Now we’re all into the maelstrom of teaching the new GCSE, your thoughts might be straying forwards to thinking about how you can prepare for future units whilst at the same time continuing to teach amazing lessons on your current unit. The Regional Advisers are here to help! Here are some accessible and interesting suggestions to help you enrich your knowledge of some aspects of the new OCR B SHP spec.
Whilst planning for the Norman Conquest unit I have been reading lots and lots of Marc Morris’ work. His biography on William I is excellent as you really begin to get to know William and have a few ‘nuggets’ for the classroom as well (really easy to read too). His book The Norman Conquest is also crucial.
If you find yourself really pushed for time but want to extend your knowledge beyond KS3 or the textbook try Marc Morris’ podcast for BBC History magazine and his blog has links to short films about the Conquest, Norman attitudes, use of sources etc from his book. You can also follow Marc on Twitter @Longshanks1307 where he tweets about his latest publications and podcasts.
I am also planning to use the tweets from the English Heritage March 1066 with my students and there is a ‘live’ event with Dan Snow where he answers questions put by different school children about the battle and the consequences of the battle.
Sally Burnham, Regional Adviser for the East Midlands
Even if you have previously taught a Medicine study at GCSE, it is definitely worth looking for some fresh scholarship on the subject. This new People’s Health course is quite different to the old Medicine and it’s important to get the focus right and know the content as well as possible so you can kick on through the unit, in light of the amount of content you will have to cover across the two years. I really enjoyed reading Hubbub, by Emily Cockayne. It’s got some disgusting anecdotes in it that really bring the 18th century alive!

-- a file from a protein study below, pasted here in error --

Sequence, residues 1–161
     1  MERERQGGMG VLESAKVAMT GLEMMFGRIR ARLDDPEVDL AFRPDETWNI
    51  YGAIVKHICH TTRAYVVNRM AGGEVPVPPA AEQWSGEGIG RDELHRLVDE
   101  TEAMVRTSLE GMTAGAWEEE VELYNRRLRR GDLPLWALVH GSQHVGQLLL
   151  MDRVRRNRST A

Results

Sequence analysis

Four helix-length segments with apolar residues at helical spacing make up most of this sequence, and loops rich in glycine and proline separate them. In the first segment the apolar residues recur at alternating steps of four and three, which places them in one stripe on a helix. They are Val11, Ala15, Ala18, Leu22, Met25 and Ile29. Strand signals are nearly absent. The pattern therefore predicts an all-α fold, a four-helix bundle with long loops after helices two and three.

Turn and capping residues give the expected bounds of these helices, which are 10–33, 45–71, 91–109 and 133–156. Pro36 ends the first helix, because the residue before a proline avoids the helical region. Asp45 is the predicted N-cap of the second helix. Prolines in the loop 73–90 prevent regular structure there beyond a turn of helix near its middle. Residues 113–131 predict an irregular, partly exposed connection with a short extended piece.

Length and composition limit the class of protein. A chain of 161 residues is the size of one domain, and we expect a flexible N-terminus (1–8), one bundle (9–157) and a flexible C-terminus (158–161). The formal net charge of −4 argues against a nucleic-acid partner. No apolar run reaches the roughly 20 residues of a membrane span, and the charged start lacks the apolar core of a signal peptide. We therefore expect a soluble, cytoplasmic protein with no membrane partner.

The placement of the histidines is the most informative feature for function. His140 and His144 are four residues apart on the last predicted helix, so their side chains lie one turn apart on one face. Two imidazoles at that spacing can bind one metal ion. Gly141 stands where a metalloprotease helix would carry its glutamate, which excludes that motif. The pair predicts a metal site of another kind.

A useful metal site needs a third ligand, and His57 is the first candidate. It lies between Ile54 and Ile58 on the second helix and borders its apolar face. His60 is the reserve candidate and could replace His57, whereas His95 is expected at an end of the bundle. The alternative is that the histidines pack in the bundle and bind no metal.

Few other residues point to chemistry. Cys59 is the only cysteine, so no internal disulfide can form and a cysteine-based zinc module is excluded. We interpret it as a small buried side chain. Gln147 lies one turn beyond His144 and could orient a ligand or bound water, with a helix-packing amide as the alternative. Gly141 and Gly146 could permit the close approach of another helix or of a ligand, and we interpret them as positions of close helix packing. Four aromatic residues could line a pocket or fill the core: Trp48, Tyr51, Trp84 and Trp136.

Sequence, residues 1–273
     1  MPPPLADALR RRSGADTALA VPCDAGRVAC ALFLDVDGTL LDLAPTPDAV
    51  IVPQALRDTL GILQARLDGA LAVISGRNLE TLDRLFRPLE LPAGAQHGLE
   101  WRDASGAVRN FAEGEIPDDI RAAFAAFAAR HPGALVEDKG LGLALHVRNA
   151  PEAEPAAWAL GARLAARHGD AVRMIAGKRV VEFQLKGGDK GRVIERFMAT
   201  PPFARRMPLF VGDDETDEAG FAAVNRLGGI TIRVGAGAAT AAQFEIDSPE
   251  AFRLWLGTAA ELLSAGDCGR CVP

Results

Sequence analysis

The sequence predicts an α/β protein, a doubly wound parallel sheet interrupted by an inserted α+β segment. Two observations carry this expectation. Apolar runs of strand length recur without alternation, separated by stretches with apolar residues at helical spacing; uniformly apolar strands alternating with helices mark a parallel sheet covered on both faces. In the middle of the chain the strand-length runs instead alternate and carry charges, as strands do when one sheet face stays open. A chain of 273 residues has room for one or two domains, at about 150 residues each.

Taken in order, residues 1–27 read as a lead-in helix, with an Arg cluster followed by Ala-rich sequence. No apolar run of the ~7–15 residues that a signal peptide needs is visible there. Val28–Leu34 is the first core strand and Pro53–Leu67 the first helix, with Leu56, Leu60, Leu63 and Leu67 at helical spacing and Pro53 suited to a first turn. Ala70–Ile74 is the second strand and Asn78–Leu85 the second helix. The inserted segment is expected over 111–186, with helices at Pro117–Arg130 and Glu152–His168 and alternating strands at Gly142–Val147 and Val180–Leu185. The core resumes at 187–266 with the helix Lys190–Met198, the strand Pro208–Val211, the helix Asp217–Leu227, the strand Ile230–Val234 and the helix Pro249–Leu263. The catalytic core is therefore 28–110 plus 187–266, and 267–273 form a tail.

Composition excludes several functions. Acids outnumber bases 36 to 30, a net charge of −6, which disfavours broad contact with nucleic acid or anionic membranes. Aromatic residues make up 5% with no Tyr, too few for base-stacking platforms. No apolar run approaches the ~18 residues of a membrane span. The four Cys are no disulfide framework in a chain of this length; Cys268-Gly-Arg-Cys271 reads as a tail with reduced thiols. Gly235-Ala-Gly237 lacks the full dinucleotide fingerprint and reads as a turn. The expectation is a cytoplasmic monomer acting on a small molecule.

Sally Thorne, Regional Adviser for the South West
I’ve prepared this summary document for students who are studying the Making of America. It summarises each section of the course and includes tasks to help students get a feel for the overview.
You can download the document here.
Alex Ford, Regional Adviser for Yorkshire and Humberside
In preparation for the OCR specification B, I have been watching David Starkey’s Elizabeth documentary. This is a good overview for teachers new to teaching Elizabeth I. It provides contextual information on the key issues surrounding her reign and some of the methods used to handle the . Nice starting point, and perfect for cosy winter viewing.
Nicola Barthorpe, Regional Adviser for the North West
The unit I am most excited about, and the one that I know the least about; Viking Expansion, 750 – c1050. I wanted to ensure that I felt confident about the subject before I even began thinking about planning for this course. Though technically not reading, I have found audiobooks a great way to improve my subject knowledge while planning for the new GCSE course. With a commute of 30 minutes each way, listening in the car has really helped boost my understanding of the period. A slight downside is occasionally excitedly babbling at colleagues in the history department about some amazing detail I have heard that morning!
I have found particularly useful The Vikings, by Professor Kenneth Harl, which is available through Audible. The series of lectures span a huge amount of content; from the origins of the Scandinavian people would become known as the Vikings, to detailed examinations of the different geographic regions the Vikings influenced. While I had some (at times superficial) knowledge of the Vikings in Northern Europe, the sections examining the Vikings who went East were eye opening!
The series of lectures is also accompanied by a hefty pdf document, with notes to accompany each of the lectures. This could be a very useful resource when putting together revision materials for students. Though not cheap (£32.49) this is a great resource that can be revisited time and time again.
Luke Mayhew, Regional Adviser for the East of England